Larger-scale phenomena are computed from smaller-scale phenomena and first principles.

Progress has been made in research on several fronts in an effort to develop computational simulation capabilities for use in virtual design and testing of advanced structural materials. It is envisioned that the capabilities will be embodied in a coherent set of methods, software to implement the methods, and advances in the fundamental understanding of many issues in the thermomechanical performance of materials. It is further envisioned that the methods and software will be organized into a hierarchy (see figure) corresponding to a hierarchy of spatial scales from electronic through atomic, mesoscale, microstructural, and continuum to macrostructural, and that there will be seamless coupling of information from each scale to the next larger scale. A secondary objective of this research and development effort is to provide direct simulation output at each level of the hierarchy for investigating specific phenomena at the corresponding spatial scale. For the purposes of demonstrating the capabilities and providing specific focus for the overall research, it is intended to predict nano-, micro-, and macroscopic degradation of aluminum and titanium alloys under fatigue loading and in a corrosive (oxidative) environment and as a function of temperature.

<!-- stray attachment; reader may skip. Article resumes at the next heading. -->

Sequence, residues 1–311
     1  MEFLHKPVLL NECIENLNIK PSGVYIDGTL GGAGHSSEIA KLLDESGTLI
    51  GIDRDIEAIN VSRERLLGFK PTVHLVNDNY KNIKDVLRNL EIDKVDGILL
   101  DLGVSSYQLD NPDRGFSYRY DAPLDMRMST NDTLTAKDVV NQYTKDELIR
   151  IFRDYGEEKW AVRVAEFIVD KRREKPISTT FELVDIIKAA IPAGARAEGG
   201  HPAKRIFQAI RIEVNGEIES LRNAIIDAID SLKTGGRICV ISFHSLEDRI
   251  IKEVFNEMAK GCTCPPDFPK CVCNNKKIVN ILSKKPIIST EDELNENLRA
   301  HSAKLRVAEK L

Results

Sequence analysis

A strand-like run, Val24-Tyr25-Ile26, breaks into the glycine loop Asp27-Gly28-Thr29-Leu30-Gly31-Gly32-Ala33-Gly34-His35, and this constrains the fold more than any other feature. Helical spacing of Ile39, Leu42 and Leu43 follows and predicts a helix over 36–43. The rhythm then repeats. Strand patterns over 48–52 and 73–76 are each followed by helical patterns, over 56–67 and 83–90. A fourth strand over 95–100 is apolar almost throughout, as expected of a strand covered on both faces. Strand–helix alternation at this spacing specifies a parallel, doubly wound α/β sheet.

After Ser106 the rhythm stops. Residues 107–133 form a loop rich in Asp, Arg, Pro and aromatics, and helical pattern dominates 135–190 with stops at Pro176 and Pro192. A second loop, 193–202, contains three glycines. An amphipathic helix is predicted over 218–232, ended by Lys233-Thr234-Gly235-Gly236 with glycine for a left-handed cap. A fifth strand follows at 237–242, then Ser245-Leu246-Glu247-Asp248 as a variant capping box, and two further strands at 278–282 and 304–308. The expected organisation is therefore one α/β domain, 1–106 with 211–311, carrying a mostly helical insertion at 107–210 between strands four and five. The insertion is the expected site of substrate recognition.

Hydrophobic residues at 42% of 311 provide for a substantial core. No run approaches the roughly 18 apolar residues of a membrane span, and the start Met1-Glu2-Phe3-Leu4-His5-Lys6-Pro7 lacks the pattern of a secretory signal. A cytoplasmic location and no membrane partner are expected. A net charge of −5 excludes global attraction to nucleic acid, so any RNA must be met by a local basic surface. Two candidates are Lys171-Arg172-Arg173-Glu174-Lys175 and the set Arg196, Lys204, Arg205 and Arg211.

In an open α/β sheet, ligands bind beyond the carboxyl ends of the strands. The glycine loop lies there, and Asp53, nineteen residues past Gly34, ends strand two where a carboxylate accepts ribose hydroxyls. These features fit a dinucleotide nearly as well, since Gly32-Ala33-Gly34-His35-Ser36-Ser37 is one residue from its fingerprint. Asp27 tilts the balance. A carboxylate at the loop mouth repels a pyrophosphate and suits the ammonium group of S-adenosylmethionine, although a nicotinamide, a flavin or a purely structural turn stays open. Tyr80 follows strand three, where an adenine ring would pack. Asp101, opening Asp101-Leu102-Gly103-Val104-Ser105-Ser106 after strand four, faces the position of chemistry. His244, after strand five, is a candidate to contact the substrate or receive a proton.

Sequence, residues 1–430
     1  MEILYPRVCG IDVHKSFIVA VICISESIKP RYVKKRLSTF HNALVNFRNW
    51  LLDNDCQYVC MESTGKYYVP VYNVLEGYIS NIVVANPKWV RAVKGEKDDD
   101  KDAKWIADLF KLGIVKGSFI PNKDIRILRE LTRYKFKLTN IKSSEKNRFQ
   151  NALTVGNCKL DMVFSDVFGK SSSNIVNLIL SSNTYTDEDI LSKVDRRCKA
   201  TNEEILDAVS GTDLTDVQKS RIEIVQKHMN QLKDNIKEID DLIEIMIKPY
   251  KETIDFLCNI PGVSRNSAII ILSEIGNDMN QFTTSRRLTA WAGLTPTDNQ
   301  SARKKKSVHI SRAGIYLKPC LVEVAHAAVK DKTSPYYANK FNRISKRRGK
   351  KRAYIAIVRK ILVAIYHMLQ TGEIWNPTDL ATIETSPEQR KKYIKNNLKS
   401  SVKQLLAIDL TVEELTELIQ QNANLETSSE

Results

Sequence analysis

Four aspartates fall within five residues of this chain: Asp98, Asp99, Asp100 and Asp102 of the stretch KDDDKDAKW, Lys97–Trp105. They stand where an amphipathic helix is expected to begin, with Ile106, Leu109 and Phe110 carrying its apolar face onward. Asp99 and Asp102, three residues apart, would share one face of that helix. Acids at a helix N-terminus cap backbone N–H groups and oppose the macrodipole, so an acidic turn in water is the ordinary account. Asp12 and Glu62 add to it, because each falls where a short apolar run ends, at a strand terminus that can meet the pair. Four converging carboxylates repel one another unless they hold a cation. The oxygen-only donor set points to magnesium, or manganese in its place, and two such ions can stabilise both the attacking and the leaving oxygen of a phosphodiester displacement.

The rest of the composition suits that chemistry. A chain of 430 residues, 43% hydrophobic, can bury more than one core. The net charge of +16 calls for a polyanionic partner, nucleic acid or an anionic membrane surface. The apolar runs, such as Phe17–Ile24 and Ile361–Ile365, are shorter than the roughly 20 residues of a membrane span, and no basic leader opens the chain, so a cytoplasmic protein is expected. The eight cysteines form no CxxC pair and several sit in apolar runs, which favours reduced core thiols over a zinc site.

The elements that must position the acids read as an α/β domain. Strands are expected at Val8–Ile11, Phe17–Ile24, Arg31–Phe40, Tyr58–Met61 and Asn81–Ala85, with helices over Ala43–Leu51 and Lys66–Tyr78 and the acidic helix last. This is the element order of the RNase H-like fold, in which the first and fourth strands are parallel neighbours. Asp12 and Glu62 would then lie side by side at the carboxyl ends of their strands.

Computational Simulations are performed by different methods at different spatial scales. Results obtained at each scale are, variously, fed the next larger scale or taken as direct output.
The innovations produced in this effort include the following:

  • The first discrete-dislocation model for predicting fatigue-crack-growth behavior with no a priori assumptions about fatigue. The approach taken in developing this model was to directly address the mechanics and other aspects of the applicable physics of plastic deformation at the individualdislocation level.